गुरुवार, दिसंबर 16, 2010

Alcohol : benefits vs risk

Firdaus Khan
There is consensus that non drinkers should not start and the ones who drink can continue provided they do so in moderation and in absence of contraindications, said Dr. KK Aggarwal, President, Heart Care Foundation of India. People tend to consume more alcohol in winter and near the New Year.

Persons who have been lifelong abstainers cannot be easily compared with moderate or even rare drinkers. Recommending alcohol intake to them even if they would agree to drink is not justified. The diseases that moderate alcohol use prevents (such as coronary heart disease, ischemic stroke, and diabetes) are most prevalent in the elderly, men, and people with coronary heart disease risk factors. For these groups, moderate alcohol use is associated with a substantial mortality benefit relative to abstention or rare drinking.
For young to middle-aged adults, especially women, moderate alcohol use increases the risk of the most common causes of death (such as trauma and breast cancer). Women who drink alcohol should take supplemental folate to help decrease the risk of breast cancer. Men under the age of 45 may also experience more harm than benefit from alcohol consumption. In this age group, moderate alcohol use is unlikely to provide any mortality benefit, but consumption of less than one drink daily appears to be safe if temporally removed from operation of dangerous equipment. For individuals with established contraindications to alcohol use, even this level of alcohol use is dangerous.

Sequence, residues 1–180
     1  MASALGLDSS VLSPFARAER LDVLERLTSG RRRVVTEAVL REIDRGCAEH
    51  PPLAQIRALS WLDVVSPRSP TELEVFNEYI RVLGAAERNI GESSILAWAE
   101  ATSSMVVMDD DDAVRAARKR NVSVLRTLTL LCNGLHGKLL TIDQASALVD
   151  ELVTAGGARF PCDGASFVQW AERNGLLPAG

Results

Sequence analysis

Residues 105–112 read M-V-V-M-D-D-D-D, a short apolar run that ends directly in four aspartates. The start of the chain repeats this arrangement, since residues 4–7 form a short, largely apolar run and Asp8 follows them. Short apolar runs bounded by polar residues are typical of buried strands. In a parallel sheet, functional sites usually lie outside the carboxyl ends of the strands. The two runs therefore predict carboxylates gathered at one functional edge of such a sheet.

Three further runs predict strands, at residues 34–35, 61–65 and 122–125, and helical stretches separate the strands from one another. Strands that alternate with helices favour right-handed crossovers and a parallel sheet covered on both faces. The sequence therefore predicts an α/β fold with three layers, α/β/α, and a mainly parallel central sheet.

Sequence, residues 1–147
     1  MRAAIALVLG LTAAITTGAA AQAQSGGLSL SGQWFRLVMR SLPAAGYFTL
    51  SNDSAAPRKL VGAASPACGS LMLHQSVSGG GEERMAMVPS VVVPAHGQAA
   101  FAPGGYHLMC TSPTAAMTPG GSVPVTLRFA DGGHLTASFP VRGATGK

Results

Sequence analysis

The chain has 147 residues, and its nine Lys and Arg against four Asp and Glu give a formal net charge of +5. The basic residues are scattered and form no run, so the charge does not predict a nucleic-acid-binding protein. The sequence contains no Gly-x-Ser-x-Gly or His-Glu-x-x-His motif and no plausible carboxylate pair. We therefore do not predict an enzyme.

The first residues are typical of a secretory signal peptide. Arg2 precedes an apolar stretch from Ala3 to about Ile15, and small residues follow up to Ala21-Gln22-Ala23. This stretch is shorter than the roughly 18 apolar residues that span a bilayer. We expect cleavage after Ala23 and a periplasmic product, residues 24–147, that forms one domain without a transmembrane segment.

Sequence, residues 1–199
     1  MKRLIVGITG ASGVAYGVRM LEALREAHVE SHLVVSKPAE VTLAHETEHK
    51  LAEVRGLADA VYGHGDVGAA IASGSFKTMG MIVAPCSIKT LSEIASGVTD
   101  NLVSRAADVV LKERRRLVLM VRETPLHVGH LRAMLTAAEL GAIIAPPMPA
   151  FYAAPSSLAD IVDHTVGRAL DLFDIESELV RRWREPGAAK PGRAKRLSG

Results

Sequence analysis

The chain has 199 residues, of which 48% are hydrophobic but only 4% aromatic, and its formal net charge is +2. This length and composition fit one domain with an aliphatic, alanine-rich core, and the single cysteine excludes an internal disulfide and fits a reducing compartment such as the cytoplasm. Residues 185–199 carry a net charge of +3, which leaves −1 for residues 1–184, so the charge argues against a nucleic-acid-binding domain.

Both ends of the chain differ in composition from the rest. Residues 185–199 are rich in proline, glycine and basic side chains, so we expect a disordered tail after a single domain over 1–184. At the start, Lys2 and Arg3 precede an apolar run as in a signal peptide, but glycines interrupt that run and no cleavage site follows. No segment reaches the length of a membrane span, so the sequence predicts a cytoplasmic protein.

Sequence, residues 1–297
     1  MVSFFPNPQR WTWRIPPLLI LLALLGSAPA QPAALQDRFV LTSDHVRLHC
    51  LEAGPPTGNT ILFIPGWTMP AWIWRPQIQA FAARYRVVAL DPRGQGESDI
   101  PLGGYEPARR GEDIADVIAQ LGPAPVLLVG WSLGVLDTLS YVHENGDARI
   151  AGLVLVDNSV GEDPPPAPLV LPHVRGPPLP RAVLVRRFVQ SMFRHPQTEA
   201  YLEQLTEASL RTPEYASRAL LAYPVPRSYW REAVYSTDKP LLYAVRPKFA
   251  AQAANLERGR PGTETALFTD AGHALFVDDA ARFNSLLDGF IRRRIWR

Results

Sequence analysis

Men can tolerate more alcohol than women. The ideal therapeutic dose of alcohol is around 6 grams per day. Medically safe limits are 10 grams in one hour, 20 grams in a day and 70 grams in a week.

    रविवार, दिसंबर 05, 2010

    Beware of winter drinking

    Winter is the month of high alcohol intake. Moderation is the key provided we understand what moderation is, said Dr. KK Aggarwal, President, Heart Care Foundation of India. He was interacting with the public at the Heart Care Foundation of India stall being put up at the ongoing India International Trade Fair, Pragati Maidan in the Ministry of Health & Family Welfare pavilion.

    Healthy middle-aged women can have up to one and men up to two drinks a day without increasing the risk of the abnormal heartbeat called atrial fibrillation. More than three drinks increase the risk. Atrial fibrillation is a common disease of today. It occurs in about 1 percent of people up to the age of 80 and it can cause significant symptoms in those who have it. In atrial fibrillation, the two upper chambers of the heart (atria) beat irregularly and faster than they should. Blood can pool in the atria, leading to formation of clots that can block a major artery to the brain, causing a stroke.

    Higher intakes of alcohol can cause elevation in the risk for atrial fibrillation. In a Harvard study of 35,000 women, all above 45 years, none had atrial fibrillation or any other heart condition at the start of the study. Over an average follow-up period of 12.4 years, 1.9 percent of the women who had one drink or less a day developed atrial fibrillation, compared to 1.8 percent of those having one to two drinks a day and 2.9 percent of those having two or more drinks a day. There is a 40 to 50 percent increase in the incidence of atrial fibrillation at about three drinks a day. Drinking more than six drinks in a day can precipitate sudden death. Drinking more than 5 drinks in one hour can precipitate sudden death or a heart attack.

    बुधवार, दिसंबर 01, 2010

    Avoid unnecessary injections : World AIDS DAY